Respect Mon!


I’ve become quite the fan of trying to bring certain elements of a vacation back to our ordinary but chaotic life. One of those, as cliché as it sounds is “positive energy”. Now keep in  mind I’m no crazy guru and I’m the last one to tell someone that they just need to breathe deeply, cross their legs and chant…but I’m told that it works for some. I’m thinking more of the framework of just accepting how life comes at us, which seems to be in every direction. When I take a step back and look around at the people who surround us, I see signs of discourage. The world is a crazy place, no doubt, but i try my best to keep level-headed as does my family. I just don’t seem to have the tolerance that I once had for negativity. This didn’t happen overnight by any stretch but one that came to us through a few trips to Jamaica. Now I could throw out the typical, ya Mon! and say we just chilled out the entire time and that the Jamaican people are a laid back bunch who don’t do anything but indulge, but as we found out, we were the indulgers. Taking the kids to Jamaica was fun, but the Mrs and I decided to show the kids, young by the way, what Jamaica was really like. Hiring a driver to take us onto the side streets and show us his Jamaica was eye opening. Obviously, me being lighter than a whiter shade of pale, I was not confused with the locals. There is a sense of disconnect with the country, but at the same time you feel the pride from the Jamaicans. They are at peace to an extent with their tourist identities and they sometimes feed into it. But as Carlton, our driver, told us, not all is well. It is a daily fight to make money, to support the family and to live. On the resorts we were hounded. In the streets we were strangers and obviously in their element, which is exactly what we wanted our kids to see. Having a muted view of this island is not healthy in my viewpoint, I wanted my kids to see, feel and by being in the local crowd, be Jamaica, even if only for a day or so. Now the driving, that was interesting and I’m glad someone else was doing it, although not too well and seeing your kid dig intently into the grips on the door was funny yet sobering. But the experience left us with an impression of ease when it was all over. The Jamaicans seem to grasp how bad things are, how bad they can be, but most of all they have a picture in their heads of how things should be, and that was enough to leave me with a small little gift to take home. You must seek the positive in your life. What is good, what can be better, and most of all what do you have? Dignity, pride, respect. A trifecta of good that was brought back to the mainland. Not to mention a new found love for Reggae music. When all else fails, some Michael Rose or Jah Cure can ease the worries away…even if you’re landlocked. Take pride in life and keep on smiling!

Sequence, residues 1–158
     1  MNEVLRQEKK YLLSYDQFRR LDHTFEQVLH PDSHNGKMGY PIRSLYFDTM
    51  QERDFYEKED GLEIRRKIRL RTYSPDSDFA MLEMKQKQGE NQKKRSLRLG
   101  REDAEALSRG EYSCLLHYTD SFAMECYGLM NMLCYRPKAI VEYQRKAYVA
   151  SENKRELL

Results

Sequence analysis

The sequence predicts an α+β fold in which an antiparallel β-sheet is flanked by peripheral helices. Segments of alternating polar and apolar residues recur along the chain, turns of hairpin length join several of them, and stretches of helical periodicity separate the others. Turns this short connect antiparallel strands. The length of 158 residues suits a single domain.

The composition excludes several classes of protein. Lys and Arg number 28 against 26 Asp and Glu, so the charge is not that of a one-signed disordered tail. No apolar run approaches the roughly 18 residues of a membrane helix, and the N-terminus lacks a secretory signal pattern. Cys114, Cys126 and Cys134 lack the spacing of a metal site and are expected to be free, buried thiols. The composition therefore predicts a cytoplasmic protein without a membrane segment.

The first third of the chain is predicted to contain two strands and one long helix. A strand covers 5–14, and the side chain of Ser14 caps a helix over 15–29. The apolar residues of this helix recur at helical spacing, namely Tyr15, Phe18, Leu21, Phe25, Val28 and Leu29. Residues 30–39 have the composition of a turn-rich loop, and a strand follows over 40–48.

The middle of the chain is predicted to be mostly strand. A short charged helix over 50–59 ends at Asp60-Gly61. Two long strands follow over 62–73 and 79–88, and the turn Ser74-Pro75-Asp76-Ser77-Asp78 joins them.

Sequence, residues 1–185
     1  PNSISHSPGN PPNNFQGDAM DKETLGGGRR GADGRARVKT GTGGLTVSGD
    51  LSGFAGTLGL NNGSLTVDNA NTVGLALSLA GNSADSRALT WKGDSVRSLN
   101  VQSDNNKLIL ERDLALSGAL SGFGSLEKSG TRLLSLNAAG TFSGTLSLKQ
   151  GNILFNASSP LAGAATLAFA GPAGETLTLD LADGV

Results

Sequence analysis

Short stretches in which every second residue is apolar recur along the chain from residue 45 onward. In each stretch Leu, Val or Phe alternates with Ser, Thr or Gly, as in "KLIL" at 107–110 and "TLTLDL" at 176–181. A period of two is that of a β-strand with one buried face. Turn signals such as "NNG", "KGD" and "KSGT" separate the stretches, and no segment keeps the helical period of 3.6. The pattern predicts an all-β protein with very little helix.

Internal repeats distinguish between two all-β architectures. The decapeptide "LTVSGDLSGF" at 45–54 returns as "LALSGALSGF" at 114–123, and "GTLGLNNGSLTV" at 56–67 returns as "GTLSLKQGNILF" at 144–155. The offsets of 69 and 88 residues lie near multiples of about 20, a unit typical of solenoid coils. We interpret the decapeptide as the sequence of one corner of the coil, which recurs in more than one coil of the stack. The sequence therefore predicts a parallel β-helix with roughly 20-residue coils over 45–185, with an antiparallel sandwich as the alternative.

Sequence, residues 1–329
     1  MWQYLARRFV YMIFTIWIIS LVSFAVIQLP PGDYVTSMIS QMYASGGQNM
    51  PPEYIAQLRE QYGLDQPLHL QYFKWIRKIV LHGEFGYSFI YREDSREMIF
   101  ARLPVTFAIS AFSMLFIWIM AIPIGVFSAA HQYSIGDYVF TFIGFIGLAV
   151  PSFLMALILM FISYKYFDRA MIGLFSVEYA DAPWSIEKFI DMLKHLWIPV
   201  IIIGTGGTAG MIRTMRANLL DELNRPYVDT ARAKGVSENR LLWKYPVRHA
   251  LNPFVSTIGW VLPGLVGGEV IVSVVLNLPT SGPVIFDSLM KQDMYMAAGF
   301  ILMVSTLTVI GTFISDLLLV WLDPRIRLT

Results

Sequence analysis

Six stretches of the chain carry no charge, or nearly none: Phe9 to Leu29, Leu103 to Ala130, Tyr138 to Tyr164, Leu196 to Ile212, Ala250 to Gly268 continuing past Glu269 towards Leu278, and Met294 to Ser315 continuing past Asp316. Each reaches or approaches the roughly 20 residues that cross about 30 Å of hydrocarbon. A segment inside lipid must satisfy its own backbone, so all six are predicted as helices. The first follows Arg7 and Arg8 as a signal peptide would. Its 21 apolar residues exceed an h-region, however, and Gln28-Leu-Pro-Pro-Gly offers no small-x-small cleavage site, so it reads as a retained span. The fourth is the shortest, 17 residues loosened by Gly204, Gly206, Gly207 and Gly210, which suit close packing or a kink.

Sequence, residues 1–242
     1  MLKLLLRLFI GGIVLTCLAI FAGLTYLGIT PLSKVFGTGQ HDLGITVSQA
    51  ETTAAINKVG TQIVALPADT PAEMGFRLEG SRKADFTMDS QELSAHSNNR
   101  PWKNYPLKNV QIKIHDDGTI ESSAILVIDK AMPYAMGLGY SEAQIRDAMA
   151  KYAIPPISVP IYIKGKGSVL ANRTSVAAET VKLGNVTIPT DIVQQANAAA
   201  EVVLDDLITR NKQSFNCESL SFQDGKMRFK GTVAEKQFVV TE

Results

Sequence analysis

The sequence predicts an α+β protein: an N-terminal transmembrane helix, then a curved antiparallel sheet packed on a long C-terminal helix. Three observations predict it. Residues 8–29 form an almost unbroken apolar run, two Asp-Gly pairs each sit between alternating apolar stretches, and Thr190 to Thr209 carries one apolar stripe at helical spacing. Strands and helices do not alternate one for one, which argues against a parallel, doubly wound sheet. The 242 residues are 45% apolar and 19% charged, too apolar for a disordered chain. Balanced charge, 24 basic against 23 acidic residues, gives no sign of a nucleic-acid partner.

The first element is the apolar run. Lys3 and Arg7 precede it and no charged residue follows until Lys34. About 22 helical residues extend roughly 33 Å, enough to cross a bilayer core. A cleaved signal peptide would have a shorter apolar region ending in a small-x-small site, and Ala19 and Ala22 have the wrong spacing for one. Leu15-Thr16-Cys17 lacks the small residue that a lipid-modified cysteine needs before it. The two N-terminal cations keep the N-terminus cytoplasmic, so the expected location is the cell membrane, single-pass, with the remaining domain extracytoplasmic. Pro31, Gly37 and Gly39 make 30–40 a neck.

2 Comments

  1. stacie

    you have such a wonderful way with words

    Reply
  2. Nancy

    Jamaica is my calm, my yogi. Though there are mansions, the true Jamaica comes from the vendors on their worn out surfboards, the music in the hills on the week-ends and the love of life everyday – that’s what makes us return yearly if not more!

    Reply

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